today people have developed a particularly strong sense of freedom (No. 31).
This can have positive consequences, such as a heightened sense of personal
dignity and a greater respect for the role of an individual's conscience.
However, the Pope commented, some elements in modern thought have gone to the
extreme of exalting freedom to such a degree that it becomes an absolute, which
is then itself the source of values. When this happens the individual conscience
becomes for itself the supreme arbiter of what is good and evil, and all moral
judgments become subjective.
As a solution, John Paul II proposes a restoration of the link between freedom
and truth: the truth contained in the moral law given by God. In this way
freedom is used to choose what is truly good for each person.
The conflict between liberty and truth in the area of contemporary culture was
already outlined in the Second Vatican Council document "Gaudium et Spes"
(No. 57 and following). Culture, the council insisted, "must be
subordinated to the integral development of the human person, to the good of the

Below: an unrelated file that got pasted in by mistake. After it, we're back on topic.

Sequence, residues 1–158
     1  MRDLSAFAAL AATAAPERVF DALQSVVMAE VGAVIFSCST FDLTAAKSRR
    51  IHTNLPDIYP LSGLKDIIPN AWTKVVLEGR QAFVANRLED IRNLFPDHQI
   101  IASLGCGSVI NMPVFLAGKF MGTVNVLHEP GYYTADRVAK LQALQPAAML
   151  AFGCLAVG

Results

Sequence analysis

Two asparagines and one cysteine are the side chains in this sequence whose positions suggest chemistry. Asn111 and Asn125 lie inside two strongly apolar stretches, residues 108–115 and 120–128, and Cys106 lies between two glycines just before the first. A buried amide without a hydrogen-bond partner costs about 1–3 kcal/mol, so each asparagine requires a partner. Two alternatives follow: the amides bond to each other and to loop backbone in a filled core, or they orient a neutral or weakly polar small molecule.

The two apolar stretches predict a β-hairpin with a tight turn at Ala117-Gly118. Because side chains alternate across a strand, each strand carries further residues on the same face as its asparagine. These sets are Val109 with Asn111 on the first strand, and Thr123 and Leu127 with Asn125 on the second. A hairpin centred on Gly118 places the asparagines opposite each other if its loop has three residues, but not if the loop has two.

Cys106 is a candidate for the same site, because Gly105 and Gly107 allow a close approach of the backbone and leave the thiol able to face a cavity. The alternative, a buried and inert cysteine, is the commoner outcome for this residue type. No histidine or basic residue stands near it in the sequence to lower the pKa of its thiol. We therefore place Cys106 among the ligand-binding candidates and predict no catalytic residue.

community and of the whole of mankind." The need for freedom in the use of
our intelligence and social life was recognized, and defended, by the document,
but within the limits of the common good.
Polemics over the latest art exhibitions or attempts to change social norms are
really only the secondary manifestations of a deeper problem: Many today no
longer accept that their freedom should be limited by any objective principles.
Battles can be fought in the courts and protests made in the press, but there
will be no lasting solution until contemporary culture overcomes its
intellectual pride and admits that there are limits to individual autonomy.